Stakeholder engagement needs to transform with the rest of the market

June 8, 2020

This article on stakeholder engagement in the energy sector was first published on energylivenews.com

By Stefan Leedham, Director of Governance Services

The current transformation of the energy industry has meant greater levels of innovation happening faster than possibly ever before. In part, this is because the industry has opened itself up to the energy ecosystem’s untraditional disrupters.

While this upturn in innovation and transformation brings great benefits, particularly to the end consumer, it also brings challenges. One such challenge is how we engage with the increasing number and variety of stakeholders. This is particularly important in the context of self-regulation and the increasing move to more principle-based regulation.

Self-governance is a central tenet of energy industry regulation. But for self-governance to be effective, it relies on the mechanisms for that self-regulation to be representative of the needs of the full spectrum of stakeholders impacted, while keeping consumers at the heart of all decision making.

In recent years, the energy industry has made great strides in improving and expanding its stakeholder engagement. At ElectraLink, our roles in the management of three industry codes and the delivery of the Energy Market Data Hub (EMDH), has meant we have engaged with stakeholders from various fields with differing and sometimes diverging interests.

Over the last few years, we have looked to technology to improve this engagement, providing greater means for our stakeholders to engage with us and vice versa. This has included the introduction of tools such as video conferencing and live chat but we, like others, recognise that more needs to be done.

If we want to engender a more representative energy governance landscape, we must supplement our traditional engagement mechanisms with those that better suit our stakeholders, making them, and the content we are engaging on, more appropriate, accessible and agile.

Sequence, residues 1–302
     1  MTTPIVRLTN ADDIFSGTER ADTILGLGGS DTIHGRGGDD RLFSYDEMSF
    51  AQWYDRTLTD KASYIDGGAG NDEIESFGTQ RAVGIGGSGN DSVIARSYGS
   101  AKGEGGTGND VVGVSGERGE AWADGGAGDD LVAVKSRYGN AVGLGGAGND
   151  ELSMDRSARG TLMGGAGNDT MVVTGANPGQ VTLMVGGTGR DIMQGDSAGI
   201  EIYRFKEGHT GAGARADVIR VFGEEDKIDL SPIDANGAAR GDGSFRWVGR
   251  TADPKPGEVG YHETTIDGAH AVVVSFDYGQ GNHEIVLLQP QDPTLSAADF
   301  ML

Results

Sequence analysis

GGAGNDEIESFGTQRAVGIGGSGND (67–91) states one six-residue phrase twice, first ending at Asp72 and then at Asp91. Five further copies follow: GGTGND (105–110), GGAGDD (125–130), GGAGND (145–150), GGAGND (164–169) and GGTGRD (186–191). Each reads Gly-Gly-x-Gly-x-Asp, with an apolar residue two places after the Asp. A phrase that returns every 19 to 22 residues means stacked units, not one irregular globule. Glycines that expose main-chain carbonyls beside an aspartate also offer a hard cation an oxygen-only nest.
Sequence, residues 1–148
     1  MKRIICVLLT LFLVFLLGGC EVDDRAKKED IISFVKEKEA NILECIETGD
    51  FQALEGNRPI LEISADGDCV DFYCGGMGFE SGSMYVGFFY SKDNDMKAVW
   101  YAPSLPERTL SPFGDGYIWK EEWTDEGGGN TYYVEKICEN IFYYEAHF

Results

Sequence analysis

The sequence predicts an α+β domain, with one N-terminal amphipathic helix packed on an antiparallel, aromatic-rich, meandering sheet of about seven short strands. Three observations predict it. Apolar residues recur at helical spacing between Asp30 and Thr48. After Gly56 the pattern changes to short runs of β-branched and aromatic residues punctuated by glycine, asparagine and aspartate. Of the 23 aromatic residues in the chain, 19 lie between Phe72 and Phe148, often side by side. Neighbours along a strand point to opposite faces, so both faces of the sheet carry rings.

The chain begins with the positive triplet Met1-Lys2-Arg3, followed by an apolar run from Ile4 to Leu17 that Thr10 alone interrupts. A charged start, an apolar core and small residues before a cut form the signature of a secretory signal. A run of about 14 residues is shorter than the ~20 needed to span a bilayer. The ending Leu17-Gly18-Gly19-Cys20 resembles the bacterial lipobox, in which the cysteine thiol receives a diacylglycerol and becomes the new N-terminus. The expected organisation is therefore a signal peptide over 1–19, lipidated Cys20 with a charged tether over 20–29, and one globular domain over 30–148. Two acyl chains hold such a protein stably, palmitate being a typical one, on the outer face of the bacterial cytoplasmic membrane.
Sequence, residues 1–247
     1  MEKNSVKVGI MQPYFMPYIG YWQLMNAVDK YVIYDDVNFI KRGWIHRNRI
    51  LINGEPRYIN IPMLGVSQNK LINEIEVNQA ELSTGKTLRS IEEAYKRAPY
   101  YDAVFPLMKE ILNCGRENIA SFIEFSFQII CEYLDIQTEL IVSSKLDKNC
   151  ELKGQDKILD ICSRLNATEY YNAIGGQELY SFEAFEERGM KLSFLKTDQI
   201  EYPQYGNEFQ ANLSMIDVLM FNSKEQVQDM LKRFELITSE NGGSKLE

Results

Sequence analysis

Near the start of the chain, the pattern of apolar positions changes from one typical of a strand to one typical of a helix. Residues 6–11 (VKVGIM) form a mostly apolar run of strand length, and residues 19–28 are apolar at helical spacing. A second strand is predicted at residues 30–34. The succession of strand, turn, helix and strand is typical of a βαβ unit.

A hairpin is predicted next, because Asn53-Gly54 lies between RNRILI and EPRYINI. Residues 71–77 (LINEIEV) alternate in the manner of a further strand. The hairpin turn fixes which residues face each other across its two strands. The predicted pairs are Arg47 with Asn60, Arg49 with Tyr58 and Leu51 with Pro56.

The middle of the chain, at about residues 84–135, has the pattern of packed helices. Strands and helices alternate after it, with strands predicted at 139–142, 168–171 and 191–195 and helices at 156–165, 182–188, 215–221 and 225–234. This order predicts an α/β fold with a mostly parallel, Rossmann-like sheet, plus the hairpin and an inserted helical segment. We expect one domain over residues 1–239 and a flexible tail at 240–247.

We believe that there are three main areas of stakeholder engagement for the industry to either adopt or improve:

  • Content personalisation, which will ensure the content is appropriate to the needs of a wider range of stakeholders.
  • Targeted engagement mechanisms for innovators, such as sandboxes, that will introduce a more agile approach to energy governance.
  • Technology that will support the above to make energy governance more accessible to a wider stakeholder landscape.

What this means in practice

Personalisation

The content on code websites should be tailored to specific target audiences based on their behaviour, status and needs, thereby providing an outstanding customer experience. Allowing access and directing attention to personalised content will engage more stakeholders as they can easily navigate and access the information relevant to them, in turn increasing engagement with the codes.

Furthermore, if a consumer login to a website provides communication streams alongside online content, it becomes a one-stop shop. Live chat’s quick response time means customers are only required to visit one place to access information or speak to an advisor with the required level of industry knowledge.

Targeted engagement mechanisms for innovators

To support innovation, we need to create an environment that allows market participants to test ideas quickly to demonstrate the best possible principles for a change. ElectraLink has first-hand experience of delivering the DCUSA Innovation Sandbox that responds to consumer and industry interests and supports the testing of new solutions.

A clear sandbox journey allows new entrants to effortlessly engage with a new code and trial innovations in a real-world environment with some of the usual rules not applying. This allows market participants to understand where their new products and business models will face obstacles and require further guidance.

Technology

The transition from paperwork and face-to-face meetings to online content and virtual collaboration has been a slow one. However, there are a variety of tools which can improve the way stakeholders communicate opinions and decisions to their peers.

For example, online voting tools for industry changes could democratise the change process and reduce the need for face to face meetings, which would support stakeholder based outside of London and those with limited resource for meeting attendance. There are also opportunities for other kinds of virtual collaboration and idea sharing tools like Microsoft Teams and online forums.

As code managers, we need to actively encourage engagement among various stakeholder groups across all parts of the sector. The more contrasting objectives and perspectives that are brought to the table, the more we can uplift the quality of changes and deliver the best experience for customers and consumers. Catering to each group’s specific needs and encouraging collaboration using technology is at the top of our agenda for improving stakeholder engagement in the energy market.

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